Valentino Garavani himself was delighted with her work, saying that she “respected a master”. The founder of Valentino had retired last season but was still keeping an anxious eye on things. But next season, things were different. Valentino was complaining that “There is an existing archive with thousands of dresses where [a designer] can draw and take inspiration from to create a Valentino product that is relevant today. It is a shame that [Facchinetti] didn’t feel this need.” After just two seasons, Facchinetti was unexpectedly fired. It was even unexpected by her, as she learned about it from the press, twenty-four hours after her SS 2009 show. 


But all this was to come. Her Valentino AW2008 show was amazing. It opened with an off-white jacket that looked seamlessly moulded, over a ballooning asymmetrical  knee-length skirt that seemed to support itself. The next look used embroidery and chiffon, but the chiffon in particular was very lightly handled with very cute tiny pagoda sleeve caps. Next was a smooth off-white jacket. It almost as long as the above-the-knee skirt it was paired with, its only feature a dead-centre split. It rose to an upright collar. If the first look had been quite 60s space-age Paco Rabanne, there was something very Star-Trek about this one somehow.


Other looks were less space age, giving way to very textured embroideries and chiffon columns. Colours were bone, white, cream and black, but also lime green, scarlet and deep turquoise.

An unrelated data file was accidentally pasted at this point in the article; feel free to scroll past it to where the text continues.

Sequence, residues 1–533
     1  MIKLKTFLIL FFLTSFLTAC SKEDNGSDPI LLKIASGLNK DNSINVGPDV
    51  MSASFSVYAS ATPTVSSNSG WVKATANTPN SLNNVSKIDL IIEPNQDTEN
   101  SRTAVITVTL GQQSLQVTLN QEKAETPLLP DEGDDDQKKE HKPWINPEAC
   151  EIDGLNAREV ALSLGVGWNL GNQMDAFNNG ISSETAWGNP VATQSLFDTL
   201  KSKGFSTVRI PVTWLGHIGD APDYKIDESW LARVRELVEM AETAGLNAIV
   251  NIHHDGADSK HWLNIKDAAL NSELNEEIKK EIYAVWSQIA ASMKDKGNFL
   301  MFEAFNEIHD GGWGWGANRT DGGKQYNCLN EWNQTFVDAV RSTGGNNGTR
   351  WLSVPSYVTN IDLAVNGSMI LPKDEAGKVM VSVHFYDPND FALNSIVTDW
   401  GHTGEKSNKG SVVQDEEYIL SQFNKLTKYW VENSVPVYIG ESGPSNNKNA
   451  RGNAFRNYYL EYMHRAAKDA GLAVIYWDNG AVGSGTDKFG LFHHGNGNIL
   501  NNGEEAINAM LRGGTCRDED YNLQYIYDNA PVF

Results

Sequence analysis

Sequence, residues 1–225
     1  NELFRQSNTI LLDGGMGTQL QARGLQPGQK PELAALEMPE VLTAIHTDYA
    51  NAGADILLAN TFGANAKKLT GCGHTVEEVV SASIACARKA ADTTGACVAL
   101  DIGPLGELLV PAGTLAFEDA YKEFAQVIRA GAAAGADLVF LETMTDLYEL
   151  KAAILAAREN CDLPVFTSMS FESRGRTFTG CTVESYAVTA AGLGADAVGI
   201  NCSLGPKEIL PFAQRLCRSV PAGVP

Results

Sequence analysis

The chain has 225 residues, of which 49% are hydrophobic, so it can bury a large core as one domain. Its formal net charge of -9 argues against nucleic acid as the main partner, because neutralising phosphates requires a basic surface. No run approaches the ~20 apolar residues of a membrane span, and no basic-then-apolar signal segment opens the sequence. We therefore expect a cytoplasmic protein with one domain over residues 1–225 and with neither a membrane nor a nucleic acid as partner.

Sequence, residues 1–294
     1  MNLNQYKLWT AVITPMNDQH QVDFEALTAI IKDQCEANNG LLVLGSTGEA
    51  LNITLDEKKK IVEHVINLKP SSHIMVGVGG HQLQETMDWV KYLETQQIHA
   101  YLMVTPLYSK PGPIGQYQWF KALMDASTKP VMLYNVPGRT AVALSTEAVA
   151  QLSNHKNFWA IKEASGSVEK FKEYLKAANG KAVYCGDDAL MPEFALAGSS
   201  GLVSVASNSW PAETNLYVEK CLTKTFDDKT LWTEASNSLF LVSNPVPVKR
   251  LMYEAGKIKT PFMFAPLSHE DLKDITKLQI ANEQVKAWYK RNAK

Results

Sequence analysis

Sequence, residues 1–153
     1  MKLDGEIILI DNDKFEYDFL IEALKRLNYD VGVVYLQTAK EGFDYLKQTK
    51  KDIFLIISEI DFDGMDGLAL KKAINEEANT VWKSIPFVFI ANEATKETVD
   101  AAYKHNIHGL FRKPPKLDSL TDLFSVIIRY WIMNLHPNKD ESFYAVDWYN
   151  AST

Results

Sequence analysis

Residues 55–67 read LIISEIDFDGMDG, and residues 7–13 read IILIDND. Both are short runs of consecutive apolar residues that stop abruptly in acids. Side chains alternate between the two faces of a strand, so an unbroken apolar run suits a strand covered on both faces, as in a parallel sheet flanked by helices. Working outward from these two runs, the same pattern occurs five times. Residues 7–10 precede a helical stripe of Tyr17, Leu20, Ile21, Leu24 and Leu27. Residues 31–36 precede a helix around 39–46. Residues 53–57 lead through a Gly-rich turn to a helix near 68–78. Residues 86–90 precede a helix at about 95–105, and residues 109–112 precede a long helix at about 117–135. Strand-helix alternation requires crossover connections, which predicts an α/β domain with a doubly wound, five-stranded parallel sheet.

Late 2000s fashion – Jean-Paul Gaultier AW2008

JPG opened with brown, black and grey, as per the sartorial colour rules that year. But he couldn’t resist exploding into lime green, orange, scarlet, hot pink, violet and electric blue later on. His work was particularly interesting around showing cages, whether that was the cage shape of a crinoline, but the boning made decorative and worn as an overskirt, or that same boning made into a cape and upholstered in velvet. These provided textural contrast to pieces, and sometimes were also made in a contrasting colour to an under layer. Particularly pleasing was chocolate brown over violet.


His use of matching tights – hosiery the exact same shade of electric blue or scarlet as a skirt worked really well too. John-Paul Gaultier’s models actually did wear body harnesses, not the fetish kind but ones with a distinctly horsey whiff. They were strapped over matching fur coats along with saddle-like epaulettes. And in case we were in any doubt about those references, some of the models sported a cage-like twist on riding hats.

Chanel AW 2008

Someone who did stick to the monochrome memo of black, white and grey for AW2008 was Karl Lagerfeld for Chanel. There were just three exceptions in a collection of 64 pieces – hot pink, coral, and parma violet.


Amongst these pieces was a lot of neat suiting, fine chiffon, and tweedy flecks. Car coats were in grey tweed, with the only adornment a neat frayed edge. There were the traditional cardigan jackets, of course. Another highlight was lovely simple bell-skirted dresses, just above the knee and with ruching to pull them in at the natural waist. The decoration here too was lines of frayed fringing. Other pieces were more radically embellished with ruffles and embroidery. Puff sleeves also made an appearance.


Most outfits looked very classic with just one that was confusing. The skirt greatly resembled a semi-folded umbrella. But other than that, the collection was cool, classic, and chic.


Of course, this is just a little peek at the full picture of late 2000s fashion. What appeared on the catwalk wasn’t always what people wore on the streets. Especially because catwalk shows were not live streamed then, trends were not instantly taken up. New ideas were not reflected right away.

In general, away from the red carpet what you’d see every day whatever the fashion trends was high waisted skirts, Ugg boots, tank tops, crop tops, cargo pants, bootcut jeans, skinny jeans, low rise jeans, leather jackets, capri pants, and flip flops. Studded belts were a popular accessory.  Britney Spears popularised the brands Ed Hardy and Juicy Couture in the early 2000s.